[ExI] far future

Anders Sandberg anders at aleph.se
Wed Jan 1 23:24:05 UTC 2014

On 2013-12-31 20:44, William Flynn Wallace wrote:
> Some good thoughts in your missive.
> Keep in mind that all humans have the same genes except for outward 
> appearance.  All 'evil' types are long gone.  There is a movement 
> towards reducing the population to two people, like Eden because of a 
> massive guilt complex.  It is felt that humans have spoiled the planet 
> (in fact cleanup is still underway with billions of robots in the 
> oceans etc. cleaning up chemicals).  So they want to redesign man so 
> that this will never happen again.  They are so fervent that it is 
> almost like a religion.

OK, it is your scenario. But why are you even asking us if you have 
already decided on all the salient points? This kind of cultural values 
could in principle motivate any behaviour.

If the cultural values were to terraform planets (as repentance, say, to 
keep the guilt complex theme) the population would be optimized for 
that. But they could just as well have done away with all guilt (turning 
into a super-rational libertarian sociopath society) or turned into a 
functional soup with no individuals (but goal-threads producing 
meaningful projects aimed at achieving goals). The space of possible 
cultures and goals is vast, even when you have a society with only one 
central goal, rather than the more complex multi-goal societies we have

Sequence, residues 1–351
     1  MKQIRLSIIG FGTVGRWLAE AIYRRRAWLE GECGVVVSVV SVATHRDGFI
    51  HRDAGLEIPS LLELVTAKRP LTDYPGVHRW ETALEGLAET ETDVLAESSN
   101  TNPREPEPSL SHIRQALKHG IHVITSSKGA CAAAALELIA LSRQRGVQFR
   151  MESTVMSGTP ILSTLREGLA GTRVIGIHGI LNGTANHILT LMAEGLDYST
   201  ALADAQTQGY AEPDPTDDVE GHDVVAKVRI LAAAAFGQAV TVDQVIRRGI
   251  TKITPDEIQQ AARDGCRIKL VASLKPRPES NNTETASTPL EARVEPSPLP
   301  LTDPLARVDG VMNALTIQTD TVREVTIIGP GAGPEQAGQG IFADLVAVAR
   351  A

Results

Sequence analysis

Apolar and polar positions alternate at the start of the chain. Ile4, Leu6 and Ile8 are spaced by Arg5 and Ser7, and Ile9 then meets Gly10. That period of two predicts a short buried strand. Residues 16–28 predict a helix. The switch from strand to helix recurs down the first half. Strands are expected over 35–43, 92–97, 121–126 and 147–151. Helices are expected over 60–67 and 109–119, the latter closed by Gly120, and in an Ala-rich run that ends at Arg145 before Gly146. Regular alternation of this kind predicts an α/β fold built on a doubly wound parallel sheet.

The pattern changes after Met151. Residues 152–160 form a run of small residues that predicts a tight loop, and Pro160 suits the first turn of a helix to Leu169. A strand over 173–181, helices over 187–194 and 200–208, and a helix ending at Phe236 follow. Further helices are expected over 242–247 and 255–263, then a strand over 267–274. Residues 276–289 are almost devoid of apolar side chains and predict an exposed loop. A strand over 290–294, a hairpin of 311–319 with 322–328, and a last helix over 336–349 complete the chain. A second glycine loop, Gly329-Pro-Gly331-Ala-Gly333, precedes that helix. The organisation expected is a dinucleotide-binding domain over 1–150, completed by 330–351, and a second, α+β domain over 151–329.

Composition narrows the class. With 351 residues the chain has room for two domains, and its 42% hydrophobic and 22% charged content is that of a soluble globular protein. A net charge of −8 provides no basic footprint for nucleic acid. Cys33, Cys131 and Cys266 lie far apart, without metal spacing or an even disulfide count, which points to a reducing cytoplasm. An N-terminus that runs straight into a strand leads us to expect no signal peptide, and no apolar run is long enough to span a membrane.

in reality.

> So, I am presenting the idea of perfection and asking if it is indeed 
> perfect (as are they).

But this scenario is contrived from a literary sense. You are 
essentially getting a fantastic Aesop problem ( 
http://tvtropes.org/pmwiki/pmwiki.php/Main/FantasticAesop ). The future 
people are simultaneously super-able to do and be a lot of things, yet 
they have chosen to do and be certain ultra-specific things - thanks to 
their ability to be anything. Asking whether this is perfection is like 
asking if a millionaire ruining himself by building a monument to his 
dead wife is acting right: whether it is depends on how he is written, 
the scenario doesn't really tell you much about either what *real* 
millionaires ought to be doing or what values normal people ought to be 
holding in similar (but cheaper) situations.

Imagine a society with people of different views instead. How would they 
approach the guilt? How would they approach their possibilities? How 
would they approach their different views?

Now, I think there is a good issue here, and that is whether it is a 
good idea to use enhancements to make unified mindsets across society. 
But then the back story should focus on exploring that rather than 
laying it on thick how utopian the society is.

Dr Anders Sandberg
Future of Humanity Institute
Oxford Martin School
Oxford University

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